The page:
We assessed the student models based on accuracy and the use of reasoning. Accuracy refers to the scientific concepts and components explained within the model, such as species composition, water movement, or sediment layers. Reasoning refers to the explanatory thinking that the students used to justify the components added to their model. A successful model identified important components of a wetland, included understanding of interactions between those components, and explained why those interactions were important on a larger scale (Figure 1).
For example, one student model contained layers of vegetation, sand, and gravel in the macro view. In the micro view, the student showed dirty water seeping into the sediment, and nitrogen and phosphorus associated with that dirty water filtered by the sand. This student identified important components of wetlands, explained the interactions between water and sedimentary rock, and explained the big picture concept: that the wetland “filters water so that it can be suitable for drinking.” Other students used legends to identify the different components of their models, including multiple layers of sediment and multiple types of plants or microorganisms. One student depicted plant roots deep within the sediment “to get the nutrients that they need,” a good example of using explanatory thinking.
The models connect to the crosscutting concept of energy and matter, with successful models including explanations of how matter (water, nutrients, etc.) travels through and is cycled within a wetland.
In the next part of the lesson, students were given figures of different parameters, such as nutrient concentration, species composition, water clarity, and oxygen content plotted against time (Figure 2). These data simulate data collected before and after the placement of a constructed wetland. To help students interpret the graphs, we prompted them with questions that related the graphs to their models (Table 3).
The questions tie in the phenomena of wetlands to the graphs, and try to draw from the student’s knowledge of wetlands to make informed decisions.
After identifying graph characteristics, such as axes and units, students analyzed the data to determine how each parameter was changing over time. For example, did invasive species increase after the construction of a wetland? Using these data, students selected one figure that best described the overall function of the wetland. The students chose the parameters they felt were the most important indicators of the ecosystem’s health or that best represented the wetland’s ability to provide an ecosystem service.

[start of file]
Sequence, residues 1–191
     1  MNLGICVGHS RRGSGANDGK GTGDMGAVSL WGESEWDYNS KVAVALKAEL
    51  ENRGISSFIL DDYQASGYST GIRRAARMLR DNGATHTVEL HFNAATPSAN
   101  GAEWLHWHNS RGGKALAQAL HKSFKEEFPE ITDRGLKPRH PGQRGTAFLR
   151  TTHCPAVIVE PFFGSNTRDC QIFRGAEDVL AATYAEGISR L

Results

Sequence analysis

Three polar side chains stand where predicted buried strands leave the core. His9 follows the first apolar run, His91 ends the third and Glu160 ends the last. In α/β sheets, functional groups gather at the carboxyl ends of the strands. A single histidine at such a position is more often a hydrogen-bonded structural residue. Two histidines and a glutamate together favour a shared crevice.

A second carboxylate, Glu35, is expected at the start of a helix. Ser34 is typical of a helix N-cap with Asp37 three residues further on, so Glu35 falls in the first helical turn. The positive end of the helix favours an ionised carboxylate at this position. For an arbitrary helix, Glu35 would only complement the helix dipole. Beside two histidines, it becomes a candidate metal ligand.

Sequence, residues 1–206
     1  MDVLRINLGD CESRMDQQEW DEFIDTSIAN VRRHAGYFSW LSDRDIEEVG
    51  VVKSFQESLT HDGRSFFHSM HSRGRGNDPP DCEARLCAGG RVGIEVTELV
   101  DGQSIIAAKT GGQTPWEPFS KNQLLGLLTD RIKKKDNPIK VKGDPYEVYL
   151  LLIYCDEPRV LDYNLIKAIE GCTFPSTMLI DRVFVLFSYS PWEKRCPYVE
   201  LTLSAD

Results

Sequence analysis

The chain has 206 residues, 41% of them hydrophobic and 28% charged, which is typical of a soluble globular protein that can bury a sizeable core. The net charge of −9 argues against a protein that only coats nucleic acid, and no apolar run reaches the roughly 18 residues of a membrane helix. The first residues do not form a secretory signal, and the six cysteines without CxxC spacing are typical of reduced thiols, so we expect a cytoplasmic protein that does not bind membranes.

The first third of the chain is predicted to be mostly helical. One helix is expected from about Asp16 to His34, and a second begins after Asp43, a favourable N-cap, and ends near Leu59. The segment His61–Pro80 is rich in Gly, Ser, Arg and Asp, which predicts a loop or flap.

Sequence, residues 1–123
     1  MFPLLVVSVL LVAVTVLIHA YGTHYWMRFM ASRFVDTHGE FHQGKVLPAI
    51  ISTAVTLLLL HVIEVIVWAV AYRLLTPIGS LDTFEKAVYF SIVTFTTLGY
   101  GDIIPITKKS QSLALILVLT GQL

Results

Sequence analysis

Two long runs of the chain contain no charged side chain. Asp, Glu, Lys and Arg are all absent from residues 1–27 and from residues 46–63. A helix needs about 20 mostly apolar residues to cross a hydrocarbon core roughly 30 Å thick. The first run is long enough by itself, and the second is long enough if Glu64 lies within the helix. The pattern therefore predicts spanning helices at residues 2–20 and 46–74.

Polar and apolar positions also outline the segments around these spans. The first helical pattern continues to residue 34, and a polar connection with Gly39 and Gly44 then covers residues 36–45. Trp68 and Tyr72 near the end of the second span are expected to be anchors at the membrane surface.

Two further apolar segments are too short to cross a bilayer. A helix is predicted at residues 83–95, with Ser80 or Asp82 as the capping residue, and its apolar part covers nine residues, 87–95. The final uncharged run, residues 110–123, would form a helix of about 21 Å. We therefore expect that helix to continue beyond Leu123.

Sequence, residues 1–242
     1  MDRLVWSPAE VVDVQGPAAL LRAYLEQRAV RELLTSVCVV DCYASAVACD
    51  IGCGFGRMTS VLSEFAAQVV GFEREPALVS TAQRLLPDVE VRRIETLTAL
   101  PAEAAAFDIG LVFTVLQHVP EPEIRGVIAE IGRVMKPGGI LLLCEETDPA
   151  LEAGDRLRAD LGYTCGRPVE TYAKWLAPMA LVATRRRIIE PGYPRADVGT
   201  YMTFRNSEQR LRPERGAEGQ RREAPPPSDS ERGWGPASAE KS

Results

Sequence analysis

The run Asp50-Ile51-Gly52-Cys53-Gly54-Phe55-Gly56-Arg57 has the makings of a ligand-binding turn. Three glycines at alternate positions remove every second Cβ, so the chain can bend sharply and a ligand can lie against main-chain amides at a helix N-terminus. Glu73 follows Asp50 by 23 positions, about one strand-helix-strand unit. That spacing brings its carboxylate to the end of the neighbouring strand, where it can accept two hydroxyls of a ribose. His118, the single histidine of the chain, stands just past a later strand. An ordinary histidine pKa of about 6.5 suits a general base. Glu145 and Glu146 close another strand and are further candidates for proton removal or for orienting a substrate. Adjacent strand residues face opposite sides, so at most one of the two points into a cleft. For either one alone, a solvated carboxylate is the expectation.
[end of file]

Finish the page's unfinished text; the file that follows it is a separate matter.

Some of the figures showed no change at all, indicating that the wetland was having no effect on that parameter. These data were given to students so that they would think more about interpreting results rather than what should or shouldn’t happen, and students were reminded that even though the data sometimes does not show what you are expecting, that does not mean those data are not valuable. The students had to interpret the four graphs, explaining what was displayed and what those results meant in the broad sense of wetland function. Once the students analyzed the data, they shared what data they chose and what these data conveyed about the function of their wetland as an ecosystem service with the class.
When interpreting graphs, students explained the trends in the data in multiple ways (Table 4). These interpretations can be categorized as:
Some students used other graphs to explain the trends in the data (“as the water gets clearer, more species can live there”). Other students relate the graphs to the phenomena of clean water (“[the wetland] cleanses the water so it can be drunk”) or to harmful algal blooms (“the plants will use the nitrogen, so then no species can take over”).
The graphs all had a specific intent that the students interpreted and discovered (Figure 2). From this data analysis, the students decided which graph best represented the wetland.
To better engage students, we related the selection of their final graph to their upcoming trip to Washington D.C., explaining that when selecting a graph, they should choose the graph that they could bring with them to D.C. and best tell a policymaker “Wetlands are important and here is why.” This allowed the students to apply the practice of data analysis, while also considering the larger impact data analysis and interpretation can have on the public (politicians, non-scientists, etc.).
One of the groups was divided between selecting the change in nitrogen graph (Figure 2a) or species composition graph (Figure 2b). One of the students thought that the species composition graph showed more information because it had many different components and included multiple types of plants. The second student argued that the nitrogen graph was more important because it showed that runoff was being “cleaned up” by wetlands, and that this was a more important service provided by wetlands. The second student said that the nitrogen graph was more persuasive because it “gave people clean water,” while the species composition graph only helped the plants and animals.